Your next paragraph is The German View. This support the ‘why’ you feel that the Italian performance is misrepresented, but doesn’t support your argument. It needs to be up front to demonstrate the problems of how the Italians are depicted.

Your evidence paragraphs are okay, but note they are all defensive battles and the combat ratios were nearly 1 to 1 in the key ones. The defense of the passes was a loss cause. The fact the Italians held for so long is commendable and supports the fact that the Italians can fight well, but it is a unique (and undesirable) situation.

I had difficulty understanding this statement:
A fair assessment would be that the only ones coming out of these two engagements with any credit at operational level were the Italians. Stephan failed to push and did not achieve his objective.
One was defensive («Ariete») and one was offensive (KG Stephan). Note that «Ariete» lost a similar amount of equipment as 22 Armour Bde. These were tactical fights, so I don’t see how they highlight operational decision. Even if KG Stephan was a failure, was the attack the right operational decision which wasn’t well resourced?

Mass Surrender follows. As written, it is not an effective argument. My position is that the Italians surrendered when placed in untenable situations. The real issue is ‘why were they placed in those untenable positions’?

You must look to the reason why they were placed in those situations: lack of transport for mobility in the desert; inability to defeat the Matilda tank; low level of training (both officer and EM); lack of radios, etc. They fought hard and as well as they could within the limitations, but once it was hopeless, it was over.

Tobruk Fortifications. The problem here is that the Italians defended those fortifications and failed to hold. The UK defended the same fortifications and held.

Empire War Diaries. The first part needs to be up-front. Supports the problem statement (why the article is needed). The second part might help the main argument (I would need to read about the fight).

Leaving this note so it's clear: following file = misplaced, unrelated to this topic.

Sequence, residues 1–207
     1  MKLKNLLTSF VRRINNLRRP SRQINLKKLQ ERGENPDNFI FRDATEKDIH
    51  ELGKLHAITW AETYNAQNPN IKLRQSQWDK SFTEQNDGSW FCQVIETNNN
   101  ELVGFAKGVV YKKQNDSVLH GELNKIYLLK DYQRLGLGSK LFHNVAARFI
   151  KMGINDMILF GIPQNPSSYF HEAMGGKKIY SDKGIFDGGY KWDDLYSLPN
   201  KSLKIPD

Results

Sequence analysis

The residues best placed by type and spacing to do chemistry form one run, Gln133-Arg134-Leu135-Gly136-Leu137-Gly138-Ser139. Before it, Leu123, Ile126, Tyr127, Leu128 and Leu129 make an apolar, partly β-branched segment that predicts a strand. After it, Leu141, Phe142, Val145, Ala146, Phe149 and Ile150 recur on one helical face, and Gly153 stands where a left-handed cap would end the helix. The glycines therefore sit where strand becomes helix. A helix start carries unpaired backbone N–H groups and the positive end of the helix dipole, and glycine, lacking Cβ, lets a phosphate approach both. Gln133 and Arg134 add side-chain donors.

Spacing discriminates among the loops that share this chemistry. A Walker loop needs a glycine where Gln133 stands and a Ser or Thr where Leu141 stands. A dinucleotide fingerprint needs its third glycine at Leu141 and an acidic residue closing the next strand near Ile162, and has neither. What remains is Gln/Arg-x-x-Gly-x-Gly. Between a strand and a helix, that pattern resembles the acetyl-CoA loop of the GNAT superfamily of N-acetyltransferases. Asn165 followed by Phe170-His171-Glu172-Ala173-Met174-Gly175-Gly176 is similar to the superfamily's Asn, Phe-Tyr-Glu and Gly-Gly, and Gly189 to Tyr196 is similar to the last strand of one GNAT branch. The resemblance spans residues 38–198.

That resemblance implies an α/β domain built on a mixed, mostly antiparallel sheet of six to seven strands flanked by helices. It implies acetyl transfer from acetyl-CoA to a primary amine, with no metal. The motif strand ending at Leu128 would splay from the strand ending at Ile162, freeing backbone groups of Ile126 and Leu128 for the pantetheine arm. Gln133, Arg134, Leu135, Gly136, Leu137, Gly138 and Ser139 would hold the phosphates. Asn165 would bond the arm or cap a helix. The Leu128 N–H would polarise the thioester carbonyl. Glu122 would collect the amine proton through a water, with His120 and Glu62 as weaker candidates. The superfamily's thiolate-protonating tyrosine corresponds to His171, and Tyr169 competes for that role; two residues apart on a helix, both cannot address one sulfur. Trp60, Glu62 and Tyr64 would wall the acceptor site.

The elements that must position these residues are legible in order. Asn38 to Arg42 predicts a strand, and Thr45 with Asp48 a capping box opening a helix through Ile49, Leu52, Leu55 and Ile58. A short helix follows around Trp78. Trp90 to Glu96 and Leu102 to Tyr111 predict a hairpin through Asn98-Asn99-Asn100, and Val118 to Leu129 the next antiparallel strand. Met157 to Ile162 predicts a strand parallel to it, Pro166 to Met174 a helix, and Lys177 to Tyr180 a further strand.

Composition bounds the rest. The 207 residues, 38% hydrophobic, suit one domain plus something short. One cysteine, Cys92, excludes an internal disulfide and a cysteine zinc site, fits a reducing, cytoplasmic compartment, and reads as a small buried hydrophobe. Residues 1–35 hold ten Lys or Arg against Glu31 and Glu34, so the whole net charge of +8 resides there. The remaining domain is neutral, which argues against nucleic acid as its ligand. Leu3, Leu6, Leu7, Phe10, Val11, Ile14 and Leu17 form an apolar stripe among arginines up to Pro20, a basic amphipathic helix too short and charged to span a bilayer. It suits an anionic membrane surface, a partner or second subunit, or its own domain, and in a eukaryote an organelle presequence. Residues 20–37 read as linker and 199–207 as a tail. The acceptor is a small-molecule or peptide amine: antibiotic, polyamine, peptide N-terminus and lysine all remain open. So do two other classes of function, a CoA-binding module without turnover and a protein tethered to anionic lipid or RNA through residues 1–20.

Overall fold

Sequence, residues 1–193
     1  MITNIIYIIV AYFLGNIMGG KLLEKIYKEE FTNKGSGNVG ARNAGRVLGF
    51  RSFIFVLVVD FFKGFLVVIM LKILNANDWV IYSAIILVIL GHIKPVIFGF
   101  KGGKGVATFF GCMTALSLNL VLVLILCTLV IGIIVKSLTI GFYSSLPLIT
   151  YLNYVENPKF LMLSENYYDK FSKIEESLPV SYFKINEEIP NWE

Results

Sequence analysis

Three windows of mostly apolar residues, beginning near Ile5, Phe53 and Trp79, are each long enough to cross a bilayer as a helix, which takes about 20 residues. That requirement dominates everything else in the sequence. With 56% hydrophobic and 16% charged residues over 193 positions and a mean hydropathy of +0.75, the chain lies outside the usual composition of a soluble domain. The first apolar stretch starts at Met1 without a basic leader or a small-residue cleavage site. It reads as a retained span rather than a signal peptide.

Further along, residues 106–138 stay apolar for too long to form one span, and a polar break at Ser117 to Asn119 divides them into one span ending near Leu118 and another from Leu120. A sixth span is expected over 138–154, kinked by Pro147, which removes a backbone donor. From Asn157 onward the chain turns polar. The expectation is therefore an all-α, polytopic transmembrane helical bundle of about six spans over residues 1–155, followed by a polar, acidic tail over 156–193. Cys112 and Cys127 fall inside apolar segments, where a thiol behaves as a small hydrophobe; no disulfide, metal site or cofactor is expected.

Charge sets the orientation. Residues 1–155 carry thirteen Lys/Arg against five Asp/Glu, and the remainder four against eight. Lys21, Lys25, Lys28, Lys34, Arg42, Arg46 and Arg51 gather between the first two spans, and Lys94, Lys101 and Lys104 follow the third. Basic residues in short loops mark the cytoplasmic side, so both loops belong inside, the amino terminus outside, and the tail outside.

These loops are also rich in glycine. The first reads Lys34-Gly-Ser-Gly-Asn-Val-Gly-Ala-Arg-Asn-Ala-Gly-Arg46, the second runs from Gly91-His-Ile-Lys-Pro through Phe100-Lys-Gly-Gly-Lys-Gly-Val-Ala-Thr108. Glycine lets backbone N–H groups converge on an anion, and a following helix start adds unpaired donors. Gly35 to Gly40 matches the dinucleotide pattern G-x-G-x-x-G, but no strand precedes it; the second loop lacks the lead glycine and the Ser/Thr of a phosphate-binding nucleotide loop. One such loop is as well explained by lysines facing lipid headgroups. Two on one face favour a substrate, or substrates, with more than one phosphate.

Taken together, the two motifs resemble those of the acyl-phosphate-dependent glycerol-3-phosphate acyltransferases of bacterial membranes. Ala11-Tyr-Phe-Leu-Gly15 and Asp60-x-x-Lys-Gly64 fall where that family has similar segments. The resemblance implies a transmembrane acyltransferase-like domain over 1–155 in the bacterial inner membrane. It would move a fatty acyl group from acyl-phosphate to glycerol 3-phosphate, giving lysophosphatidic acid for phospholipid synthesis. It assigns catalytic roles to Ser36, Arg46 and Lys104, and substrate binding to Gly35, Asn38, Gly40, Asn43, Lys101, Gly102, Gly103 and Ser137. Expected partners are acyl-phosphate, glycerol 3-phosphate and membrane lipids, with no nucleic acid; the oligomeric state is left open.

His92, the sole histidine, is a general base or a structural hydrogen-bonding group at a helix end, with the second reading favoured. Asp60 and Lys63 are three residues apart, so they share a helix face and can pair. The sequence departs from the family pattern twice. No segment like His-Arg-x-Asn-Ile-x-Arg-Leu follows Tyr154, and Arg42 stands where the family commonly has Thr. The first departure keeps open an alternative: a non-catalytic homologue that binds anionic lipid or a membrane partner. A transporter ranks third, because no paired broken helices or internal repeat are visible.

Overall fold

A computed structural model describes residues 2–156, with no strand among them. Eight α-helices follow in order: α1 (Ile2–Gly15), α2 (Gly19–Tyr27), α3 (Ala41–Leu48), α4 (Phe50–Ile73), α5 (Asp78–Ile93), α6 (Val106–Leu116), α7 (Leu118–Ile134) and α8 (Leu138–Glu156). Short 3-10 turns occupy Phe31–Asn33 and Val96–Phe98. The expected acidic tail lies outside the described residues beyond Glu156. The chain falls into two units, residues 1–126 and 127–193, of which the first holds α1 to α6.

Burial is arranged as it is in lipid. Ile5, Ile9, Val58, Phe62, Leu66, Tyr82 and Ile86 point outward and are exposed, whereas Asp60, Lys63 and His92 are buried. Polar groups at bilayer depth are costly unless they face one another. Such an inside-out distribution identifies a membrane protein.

Outside North Africa. Either limit your article to A.S. or expand it to address the good, bad, and ugly of the Italian Army in all theaters.

These are just my thoughts. The tactical performance of the Italian Army clearly improved in 1941. It improved more in 1942. The army lacked the equipment to be truly successful at the operational level. Better tanks, significantly more trucks, better mobile artillery, etc. were needed to allow the R.E. to execute an effective offensive.

Offered as a friendly comment, nothing more. Unless you have specific questions/issues, I will step away from this discussion.

Pista! Jeff
Last edited by jwsleser on 30 Jul 2020 20:41, edited 1 time in total.
battaglione Alpini sciatori Monte Cervino (Reenacted)
5th Greek Regiment
9th reggimento bersaglieri

User avatar
Urmel
Member
Posts: 4242
Joined: 25 Aug 2008 09:34
Location: The late JBond

Re: Some thoughts on the Italian Army's performance

Post by Urmel » 30 Jul 2020 20:10

Thanks Jeff, I’ll have a look and see that I rewrite it more clearly.
The enemy had superiority in numbers, his tanks were more heavily armoured, they had larger calibre guns with nearly twice the effective range of ours, and their telescopes were superior. 5 RTR 19/11/41